Welcome to the World Wide Web of eSports


February 3, 2013 by The Ascending Staircase

Note: this was actually written yesterday but I’ve only just had the chance to publish it.

Get ready to play – Season 3 of League of Legends Championship Series is about to begin amid much excitement and anticipation. Not sure what that is? No, neither was I until today.
League of Legends is a Multiplayer Online Battle Arena (MOBA) video game created by Riot Games; the Championship Series is its competitive league. Dubbed eSports, the gaming industry are beginning their global conquest which may one day rival competitive physical sports and so far, they’ve done pretty well. I’ll put it into perspective for you; Season 2 of the Championship Series managed to gross 8.2 million viewers on their live internet stream, and South Korea’s OGN finals, which was also the number one search on Google in the country for a week, sold its 8,000 stadium tickets in just 43 minutes. People give up their jobs for the opportunity to play in the league, with Riot Games offering competitive salaries to the best players in order to encourage them to do so, as well as impressive cash prizes for winners of high-profile tournaments. A few of the best players are worth millions.
It has become so much more than a cult or a hobby. For some people, it is their life.


In fact, it is estimated that there is only a matter of years before eSports (so aptly named in our 21st century culture! Anything that is anything these days never seems to begin with a capital letter, but with a vowel) make their way onto mainstream television. Perhaps what we are experiencing here is something not unsimilar to the rise of football and the English football league.
With Season 3, like with the seasons before it, came changes to the League of Legends game that are experienced by all gamers, just like football experiences new signings and sometimes better technology (like goal line technology, for example). The start of a new season is a massive event for both competitions. Fans who play the game and watch the Championship Series experience the same emotions as football fans; achievement, adrenaline rushes, hope, loyalty, and sorrow if all is lost.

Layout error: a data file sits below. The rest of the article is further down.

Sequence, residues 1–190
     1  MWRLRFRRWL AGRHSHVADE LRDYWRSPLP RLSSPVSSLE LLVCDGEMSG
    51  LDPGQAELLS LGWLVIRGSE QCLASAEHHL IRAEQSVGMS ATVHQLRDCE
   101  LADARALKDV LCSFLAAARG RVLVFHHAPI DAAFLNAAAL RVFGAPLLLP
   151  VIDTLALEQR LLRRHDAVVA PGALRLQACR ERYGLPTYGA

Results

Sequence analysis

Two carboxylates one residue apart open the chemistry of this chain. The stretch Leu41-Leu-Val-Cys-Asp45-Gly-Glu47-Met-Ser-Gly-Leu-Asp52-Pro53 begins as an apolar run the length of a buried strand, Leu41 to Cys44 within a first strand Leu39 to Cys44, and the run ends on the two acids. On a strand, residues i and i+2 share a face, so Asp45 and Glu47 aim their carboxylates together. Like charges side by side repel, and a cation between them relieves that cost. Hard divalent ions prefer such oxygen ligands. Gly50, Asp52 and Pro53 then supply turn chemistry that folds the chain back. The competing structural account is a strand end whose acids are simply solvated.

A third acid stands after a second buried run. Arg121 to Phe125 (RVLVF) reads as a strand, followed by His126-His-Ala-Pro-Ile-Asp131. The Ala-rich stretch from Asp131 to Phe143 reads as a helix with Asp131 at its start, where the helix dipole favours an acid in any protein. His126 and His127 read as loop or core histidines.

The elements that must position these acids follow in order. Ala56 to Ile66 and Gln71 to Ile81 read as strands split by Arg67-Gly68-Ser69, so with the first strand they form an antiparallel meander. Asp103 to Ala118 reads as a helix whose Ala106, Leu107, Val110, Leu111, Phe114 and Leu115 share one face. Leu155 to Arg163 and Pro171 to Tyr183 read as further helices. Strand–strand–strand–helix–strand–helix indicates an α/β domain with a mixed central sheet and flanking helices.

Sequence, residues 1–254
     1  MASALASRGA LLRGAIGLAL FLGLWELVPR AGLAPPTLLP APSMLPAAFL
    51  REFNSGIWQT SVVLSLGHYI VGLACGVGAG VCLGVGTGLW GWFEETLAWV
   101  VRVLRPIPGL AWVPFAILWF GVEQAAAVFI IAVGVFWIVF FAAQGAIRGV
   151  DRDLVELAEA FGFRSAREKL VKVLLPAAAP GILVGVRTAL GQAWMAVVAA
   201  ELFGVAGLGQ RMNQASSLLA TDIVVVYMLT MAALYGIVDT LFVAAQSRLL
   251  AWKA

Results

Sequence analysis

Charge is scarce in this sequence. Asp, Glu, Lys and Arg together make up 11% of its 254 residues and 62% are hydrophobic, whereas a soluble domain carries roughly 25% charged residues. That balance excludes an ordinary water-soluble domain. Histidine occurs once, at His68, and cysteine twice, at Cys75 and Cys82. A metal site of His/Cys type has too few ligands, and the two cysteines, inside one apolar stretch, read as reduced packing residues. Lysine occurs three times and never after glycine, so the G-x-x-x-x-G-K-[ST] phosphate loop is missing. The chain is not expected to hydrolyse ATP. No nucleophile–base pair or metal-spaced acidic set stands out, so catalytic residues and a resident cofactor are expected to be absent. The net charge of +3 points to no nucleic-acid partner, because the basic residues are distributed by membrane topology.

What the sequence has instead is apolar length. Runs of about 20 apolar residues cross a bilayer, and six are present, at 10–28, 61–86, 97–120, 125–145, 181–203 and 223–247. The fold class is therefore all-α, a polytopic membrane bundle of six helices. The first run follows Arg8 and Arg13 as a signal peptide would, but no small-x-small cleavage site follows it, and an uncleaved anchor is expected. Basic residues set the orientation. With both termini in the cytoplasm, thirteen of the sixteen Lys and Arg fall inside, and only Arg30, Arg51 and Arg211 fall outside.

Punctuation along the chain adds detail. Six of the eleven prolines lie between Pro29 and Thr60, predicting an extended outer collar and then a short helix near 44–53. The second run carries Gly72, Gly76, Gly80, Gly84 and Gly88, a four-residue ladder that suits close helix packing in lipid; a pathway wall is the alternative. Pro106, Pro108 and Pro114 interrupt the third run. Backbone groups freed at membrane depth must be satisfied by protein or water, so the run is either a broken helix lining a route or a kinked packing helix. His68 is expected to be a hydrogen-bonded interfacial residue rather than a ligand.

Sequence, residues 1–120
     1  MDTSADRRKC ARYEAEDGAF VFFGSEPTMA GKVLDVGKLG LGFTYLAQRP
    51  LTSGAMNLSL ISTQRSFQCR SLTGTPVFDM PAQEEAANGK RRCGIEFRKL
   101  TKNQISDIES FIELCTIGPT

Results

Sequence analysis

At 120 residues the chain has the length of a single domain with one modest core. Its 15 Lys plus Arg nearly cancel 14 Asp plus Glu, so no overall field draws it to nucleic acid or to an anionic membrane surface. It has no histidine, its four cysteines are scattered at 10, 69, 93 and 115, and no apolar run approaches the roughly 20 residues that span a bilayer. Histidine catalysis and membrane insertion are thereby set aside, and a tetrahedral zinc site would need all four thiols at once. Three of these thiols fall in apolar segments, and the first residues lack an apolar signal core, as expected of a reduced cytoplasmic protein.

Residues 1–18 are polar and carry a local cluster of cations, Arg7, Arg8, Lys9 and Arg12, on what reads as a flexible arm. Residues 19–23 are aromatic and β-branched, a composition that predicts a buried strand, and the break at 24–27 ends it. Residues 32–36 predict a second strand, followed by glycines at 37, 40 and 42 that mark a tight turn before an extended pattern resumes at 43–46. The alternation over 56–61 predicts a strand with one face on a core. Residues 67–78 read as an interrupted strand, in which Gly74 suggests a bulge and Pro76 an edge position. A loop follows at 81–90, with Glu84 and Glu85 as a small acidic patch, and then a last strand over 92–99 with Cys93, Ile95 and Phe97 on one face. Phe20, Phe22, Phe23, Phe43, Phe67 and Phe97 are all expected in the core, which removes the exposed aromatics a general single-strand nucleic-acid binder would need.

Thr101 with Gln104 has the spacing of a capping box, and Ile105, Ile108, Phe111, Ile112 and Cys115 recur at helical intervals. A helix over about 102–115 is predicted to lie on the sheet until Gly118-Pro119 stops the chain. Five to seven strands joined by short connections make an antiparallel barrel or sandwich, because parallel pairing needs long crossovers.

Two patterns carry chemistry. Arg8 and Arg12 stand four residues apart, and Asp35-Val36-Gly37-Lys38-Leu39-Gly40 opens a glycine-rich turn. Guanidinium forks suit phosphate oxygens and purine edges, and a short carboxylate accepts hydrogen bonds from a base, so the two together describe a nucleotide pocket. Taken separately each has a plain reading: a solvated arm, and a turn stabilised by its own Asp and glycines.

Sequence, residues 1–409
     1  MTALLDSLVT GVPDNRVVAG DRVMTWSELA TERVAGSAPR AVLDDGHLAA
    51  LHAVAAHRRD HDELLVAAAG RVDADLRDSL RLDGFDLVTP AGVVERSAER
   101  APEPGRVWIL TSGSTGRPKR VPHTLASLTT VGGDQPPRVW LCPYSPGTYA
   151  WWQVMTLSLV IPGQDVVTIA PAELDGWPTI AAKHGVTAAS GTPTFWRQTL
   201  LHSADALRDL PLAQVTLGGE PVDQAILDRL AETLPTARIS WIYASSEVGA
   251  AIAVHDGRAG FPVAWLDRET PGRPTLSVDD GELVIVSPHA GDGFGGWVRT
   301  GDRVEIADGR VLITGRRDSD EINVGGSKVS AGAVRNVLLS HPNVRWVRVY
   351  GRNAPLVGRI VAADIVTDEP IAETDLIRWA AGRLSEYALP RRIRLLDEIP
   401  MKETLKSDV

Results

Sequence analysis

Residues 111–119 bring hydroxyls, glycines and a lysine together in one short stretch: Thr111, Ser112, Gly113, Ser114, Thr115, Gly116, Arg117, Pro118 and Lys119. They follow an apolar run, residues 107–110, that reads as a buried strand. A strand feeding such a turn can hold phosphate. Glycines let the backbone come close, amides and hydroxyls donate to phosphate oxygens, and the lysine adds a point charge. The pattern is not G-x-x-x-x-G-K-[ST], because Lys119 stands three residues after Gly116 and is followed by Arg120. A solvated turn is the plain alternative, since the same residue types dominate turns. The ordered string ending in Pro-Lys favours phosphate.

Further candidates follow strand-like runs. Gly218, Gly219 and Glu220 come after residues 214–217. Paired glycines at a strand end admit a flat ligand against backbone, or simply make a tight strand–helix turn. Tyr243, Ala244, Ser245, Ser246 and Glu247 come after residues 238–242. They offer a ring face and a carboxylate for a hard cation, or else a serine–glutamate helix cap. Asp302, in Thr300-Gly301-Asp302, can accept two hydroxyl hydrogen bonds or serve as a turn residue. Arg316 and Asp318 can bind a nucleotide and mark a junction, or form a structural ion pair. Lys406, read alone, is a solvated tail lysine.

My brother, who is a big fan, calls it ‘amazing’. He plays almost every day with his friends. The game, he claims, has taught him skills such as micro and macro-management and has also improved his reaction times. The best players have these skills in abundance. Like football, professionals practice every day for hours on end, they work as a team to win, and they acquire their very own loyal fans. Rivalries, eerily similar to football, between teams can become deep-rooted and severe, though in Europe most teams are typically of mixed nationalities and so this opposition is less intense than those in China, South Korea and America.
Children, possibly due to our increasingly protective society, are becoming more likely to stay inside and play video games with their friends rather than play football outdoors, and that is a forum for which League of Legends caters for. There is still the capacity to have a rivalry with that team who lives on the other side of town and the chance to grow in skill at something that leads to feelings of satisfaction and achievement. Once you reach a certain stage in the game, you can personalise your play by excelling in a particular position, just like in football. Not only children, but many adults across the globe share in this experience; the only natural course for the eSport would be to develop and expand.
However, similar issues are rising within the world of eSports that were encountered when football rose to popularity and became professionally played. Women seem to have a minimal role within this world, with very few professional female players, commentators or even journalists; it is an issue that needs to be carefully approached and quickly resolved so that the sport does not develop in such a one-sided way. Racism is another highly concerning issue within the League of Legends world, as is hacking. Riot Games does their best to police this and stop ‘toxic’ players running amok by giving gamers the ability to report rogue players. Too many complaints can lead to tribunals and the distribution of warnings, time bans, or even a permanent ban. Still, it is difficult to stop those people who are banned from making new accounts and wreaking havoc once again; game profiles are not typically assigned to an identifyable face. Clearly, with this new phenomenon comes problems that need addressing.
After trying the game myself, I was surprised by how engaging it is. Of course, unlike football, no physical exercise is undertaken yet eSports such as League of Legends seem to have their own advantages, which help to cast aside the image of ‘geekiness’ that is so closely associated with excessive video gaming. It is also worth noting how closely the rise of eSports seem to mirror the evolution of football; perhaps what we must consider at this crucial time in their development is the mistakes of football, which we can learn from in order to create a better, fairer gaming community for all.
After all, one day you may turn on the sports channel to find the League of Legends Championship Series staring back at you.


One thought on “Welcome to the World Wide Web of eSports

  1. Greetings! This is my first comment here so I just wanted to give a quick shout out and say I really enjoy reading through your posts. Can you recommend any other blogs/websites/forums that go over the same subjects? Many thanks!

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